Thursday, January 14, 2010
Over Christmas I tried recording some of our common prayer in order to try posting it on the web. What surprised me the most was how good we sounded. Well, we sounded better after I made sure that I didn’t sing while I recorded the community singing. But despite the occasional cough and background noise we were remarkably clear and together. No one would mistake us for the Mormon Tabernacle Choir, but for an average bunch of women trying to sing together we weren’t bad. It also made me think about what it means for us to pray together as a community.
Most people think of prayer as a solitary activity but for Benedictines prayer is a community practice. Our communal prayer shapes, molds and transforms us from a collection of individuals who happen to pray together into a community united in heart and mind through prayer.
In our American society we tend to value the individual above all else. We pride ourselves on being independent and self-reliant. Americans celebrate the myth of the rugged individual single-handedly conquering all odds. Community is often an afterthought, working together is not as prized as going it alone.
But for Benedictines the heart of our way of life is community and perhaps nowhere is this expressed more clearly than in our practice of prayer. In our monastery we gather morning and evening to celebrate the divine office, the ancient prayer practice of psalms, hymns, readings and blessings.
Common prayer is truly a practice. We practice day after day, month after month, year after year. We practice because we hope that through the long work of years we will no longer be a collection of individuals who happen to be praying at the same time and place but we will become one body at prayer.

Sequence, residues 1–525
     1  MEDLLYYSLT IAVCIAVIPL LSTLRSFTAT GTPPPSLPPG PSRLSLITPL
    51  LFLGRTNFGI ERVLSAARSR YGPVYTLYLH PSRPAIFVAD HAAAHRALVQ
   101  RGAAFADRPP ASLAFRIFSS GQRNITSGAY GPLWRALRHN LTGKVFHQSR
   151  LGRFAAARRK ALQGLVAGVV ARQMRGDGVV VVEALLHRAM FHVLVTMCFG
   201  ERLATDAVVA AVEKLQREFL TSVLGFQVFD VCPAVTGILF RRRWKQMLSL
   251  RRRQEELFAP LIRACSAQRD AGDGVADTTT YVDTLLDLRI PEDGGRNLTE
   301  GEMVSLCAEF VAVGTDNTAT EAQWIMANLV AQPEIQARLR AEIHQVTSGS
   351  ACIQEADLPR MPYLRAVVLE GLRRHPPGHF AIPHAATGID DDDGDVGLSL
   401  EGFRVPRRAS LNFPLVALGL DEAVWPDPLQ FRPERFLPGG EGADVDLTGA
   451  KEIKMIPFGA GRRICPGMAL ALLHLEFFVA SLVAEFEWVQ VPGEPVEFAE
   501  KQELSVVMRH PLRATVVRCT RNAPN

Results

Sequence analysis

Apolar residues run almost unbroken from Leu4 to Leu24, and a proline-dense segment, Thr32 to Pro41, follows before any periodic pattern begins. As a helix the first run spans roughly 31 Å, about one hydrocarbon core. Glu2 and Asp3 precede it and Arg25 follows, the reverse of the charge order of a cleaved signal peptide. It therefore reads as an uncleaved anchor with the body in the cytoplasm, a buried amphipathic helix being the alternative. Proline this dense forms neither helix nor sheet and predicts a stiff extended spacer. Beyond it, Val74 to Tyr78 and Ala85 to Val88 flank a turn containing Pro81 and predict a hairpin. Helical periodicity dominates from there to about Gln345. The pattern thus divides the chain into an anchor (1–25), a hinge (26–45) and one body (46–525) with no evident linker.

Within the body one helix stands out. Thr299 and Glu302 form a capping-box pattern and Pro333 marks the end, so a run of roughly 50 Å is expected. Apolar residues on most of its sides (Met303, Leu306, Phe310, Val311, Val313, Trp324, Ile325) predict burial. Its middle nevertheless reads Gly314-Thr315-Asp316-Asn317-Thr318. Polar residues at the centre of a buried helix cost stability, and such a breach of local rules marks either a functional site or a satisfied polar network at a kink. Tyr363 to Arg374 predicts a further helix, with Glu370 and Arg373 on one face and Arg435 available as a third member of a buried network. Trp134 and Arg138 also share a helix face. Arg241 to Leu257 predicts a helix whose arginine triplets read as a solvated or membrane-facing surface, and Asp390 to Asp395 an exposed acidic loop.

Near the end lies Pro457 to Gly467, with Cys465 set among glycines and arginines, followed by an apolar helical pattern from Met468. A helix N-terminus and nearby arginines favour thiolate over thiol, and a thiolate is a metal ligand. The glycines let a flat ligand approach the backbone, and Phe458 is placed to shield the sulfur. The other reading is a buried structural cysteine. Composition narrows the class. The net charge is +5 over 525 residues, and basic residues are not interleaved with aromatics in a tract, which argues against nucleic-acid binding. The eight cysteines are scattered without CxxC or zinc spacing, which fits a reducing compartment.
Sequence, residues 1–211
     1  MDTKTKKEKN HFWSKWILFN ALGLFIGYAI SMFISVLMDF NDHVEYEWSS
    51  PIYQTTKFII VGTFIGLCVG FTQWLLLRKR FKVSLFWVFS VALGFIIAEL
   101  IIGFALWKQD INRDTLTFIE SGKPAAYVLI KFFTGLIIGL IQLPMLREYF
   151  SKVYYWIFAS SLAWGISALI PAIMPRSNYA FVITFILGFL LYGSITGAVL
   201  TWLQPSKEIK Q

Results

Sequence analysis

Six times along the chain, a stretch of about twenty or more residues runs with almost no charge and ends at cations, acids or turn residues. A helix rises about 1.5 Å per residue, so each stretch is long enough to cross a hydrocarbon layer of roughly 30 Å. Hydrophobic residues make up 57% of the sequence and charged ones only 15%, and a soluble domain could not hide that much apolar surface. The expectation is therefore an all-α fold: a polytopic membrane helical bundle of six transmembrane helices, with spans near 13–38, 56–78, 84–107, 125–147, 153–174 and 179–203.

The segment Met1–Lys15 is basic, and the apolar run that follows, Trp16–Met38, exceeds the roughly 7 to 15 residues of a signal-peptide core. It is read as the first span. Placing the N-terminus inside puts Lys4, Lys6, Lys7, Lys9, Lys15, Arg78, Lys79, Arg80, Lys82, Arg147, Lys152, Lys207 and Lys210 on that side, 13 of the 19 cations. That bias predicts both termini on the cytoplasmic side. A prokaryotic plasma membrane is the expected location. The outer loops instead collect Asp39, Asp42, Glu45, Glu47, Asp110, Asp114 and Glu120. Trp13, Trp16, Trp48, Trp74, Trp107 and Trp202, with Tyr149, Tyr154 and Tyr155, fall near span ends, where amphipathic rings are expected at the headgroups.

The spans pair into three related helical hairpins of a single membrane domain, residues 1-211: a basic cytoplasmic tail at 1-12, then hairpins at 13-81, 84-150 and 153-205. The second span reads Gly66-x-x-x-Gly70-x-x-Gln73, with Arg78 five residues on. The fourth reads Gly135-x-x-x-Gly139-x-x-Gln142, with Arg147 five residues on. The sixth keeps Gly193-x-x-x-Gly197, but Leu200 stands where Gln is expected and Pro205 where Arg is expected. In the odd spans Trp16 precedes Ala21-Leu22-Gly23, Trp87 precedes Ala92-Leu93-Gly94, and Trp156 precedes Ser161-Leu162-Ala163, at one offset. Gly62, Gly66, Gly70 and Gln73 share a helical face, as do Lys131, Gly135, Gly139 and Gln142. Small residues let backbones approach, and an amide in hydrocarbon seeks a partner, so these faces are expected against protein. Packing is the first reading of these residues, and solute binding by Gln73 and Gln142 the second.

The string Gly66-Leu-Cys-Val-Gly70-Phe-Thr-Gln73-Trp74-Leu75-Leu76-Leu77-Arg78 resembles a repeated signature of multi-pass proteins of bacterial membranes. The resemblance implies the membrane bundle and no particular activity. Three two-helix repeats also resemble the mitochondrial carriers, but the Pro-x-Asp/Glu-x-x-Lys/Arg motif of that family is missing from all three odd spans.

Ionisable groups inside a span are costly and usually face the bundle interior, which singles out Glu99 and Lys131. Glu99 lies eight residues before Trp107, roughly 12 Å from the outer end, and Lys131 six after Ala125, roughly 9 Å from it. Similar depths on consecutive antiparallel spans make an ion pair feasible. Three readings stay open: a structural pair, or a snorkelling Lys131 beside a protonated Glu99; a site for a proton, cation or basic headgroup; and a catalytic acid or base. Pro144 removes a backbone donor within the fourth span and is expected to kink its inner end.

Through the unity of our prayer we express our unity as a community, a small manifestation of the greater Body of Christ. In praying together each of us has to put the needs of the whole community first. The best singers have to make sure they are not standing out and trying too hard to lead the rest of us. Those of us who are not natural singers have to try hard to listen and blend in as well as we can. All of us have to learn to be patient and forgiving with those who are not only musically impaired but also rather loud and oblivious about their impairment.
All aspects of the prayer encourage us to become one heart, one mind. We all strive to come to chapel when the bell rings, dropping what we are doing and making the common prayer a priority. We come and sit in silence, becoming present to what will happen. When the clock chimes we rise as one and the leader lights the candle to signal the beginning of prayer. We bow in unison at certain points and remain seated for a while even after prayer is finished.
Most of the unity in prayer is external. Even when we sing and pray in unison our minds may be busy wool gathering in complex and unique fantasies. But the discipline slowly, gradually and with great effort leads to transformation. Through practice, through daily, small exercises of becoming one community in prayer we are slowly transformed. In prayer, in the rest of community life we grow into the reality that we not simply isolated individuals who happen to live with others but through the course of our life together we are transformed into a community, into one body knit together in Christ, struggling to love as we have been first loved by God.